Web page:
No-nudity-Nancy and the bathtub boys.
When I was 15 I probably saw an average of three shows a week. Punk bands, ska bands, hardcore bands: all of my friends were in bands. And that made them very, very cool, or at least I thought it did. Back then, I couldn't get enough of my seeing my friends on stage.
But a lot has changed since I cancelled my subscription to Alternative Press and stopped squishing my legs into ladies jeans. My friends moved on to indie rock, office jobs and other inevitabilities. As a consequence, I don't see many live bands. But there are certain shows I won't miss, like Friday's The Ghost is Dancing CD release.
Watching The Ghost is Dancing play is like watching a house party run its course. The band starts earnest and unassuming, glancing towards the audience with their small-town smiles. Then the dancing begins. The party escalates. Suddenly everyone is dancing. Your drinking more than you had planned. You're dancing. You're drinking. Your dancing. You're drunk, and you don't care.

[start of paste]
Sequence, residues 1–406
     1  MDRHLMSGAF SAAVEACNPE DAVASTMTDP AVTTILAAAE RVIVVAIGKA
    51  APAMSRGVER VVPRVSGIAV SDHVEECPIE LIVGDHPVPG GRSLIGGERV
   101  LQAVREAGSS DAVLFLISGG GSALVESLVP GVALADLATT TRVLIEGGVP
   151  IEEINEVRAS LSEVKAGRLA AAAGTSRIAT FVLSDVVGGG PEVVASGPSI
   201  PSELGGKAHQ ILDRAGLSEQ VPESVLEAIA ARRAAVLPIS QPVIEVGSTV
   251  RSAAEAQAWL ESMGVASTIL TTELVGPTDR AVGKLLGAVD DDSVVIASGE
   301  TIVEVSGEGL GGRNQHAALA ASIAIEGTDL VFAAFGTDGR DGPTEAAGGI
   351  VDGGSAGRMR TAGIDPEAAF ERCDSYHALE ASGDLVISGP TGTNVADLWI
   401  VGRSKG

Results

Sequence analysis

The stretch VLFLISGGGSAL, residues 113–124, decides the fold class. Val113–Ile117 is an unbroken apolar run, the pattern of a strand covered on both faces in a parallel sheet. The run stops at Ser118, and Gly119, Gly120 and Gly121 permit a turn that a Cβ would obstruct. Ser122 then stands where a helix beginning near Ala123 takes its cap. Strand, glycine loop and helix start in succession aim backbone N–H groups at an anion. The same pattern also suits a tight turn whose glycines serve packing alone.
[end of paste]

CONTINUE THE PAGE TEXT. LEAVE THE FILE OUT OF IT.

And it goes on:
Then, Odie takes his clothes off.
Odie is the reason I am here. The friend, if you will. Odie Ouderkirk is tall and slim, but not gangly or awkward, curating a hard-to-hate mix of grunge and good looks. He plays the keyboard like a melodramatic madman, then gyrates around the stage to the music of his band mates. At this point we loose a t-shirt. If you've seen the show, you know how this goes. Odie ends up in his knickers, a pair of black briefs with ODIE printed in silver across the bottom--a gift from his girlfriend.
On some nights, the entire band partakes in Odie's debauchery. Tonight though, they're a little more collected, a little more serious. The show is spot-on. There's a record to sell, an American tour to start. The band is on the cover of EYE weekly, the show is packed wall-to-wall, an MTV producer is even spotted in attendance. The band seems poised for success, or as much success as indie rock outfits and Canadian dancing darlings ever acquire (We'll try to end this without dropping the words Tokyo Police Clu...).
Collected, yes. But the party still rages on. Or Battles On, if you will. And when its over the stage is strewen with Odie's left-behinds, my plate has no more nachos, and I've consumed a few too many 50s. Before the cabs take off for their later-than-last-call destinations, I decline a gracious invite to an after-party.
After all, I'm not 15 anymore. I like my sleep.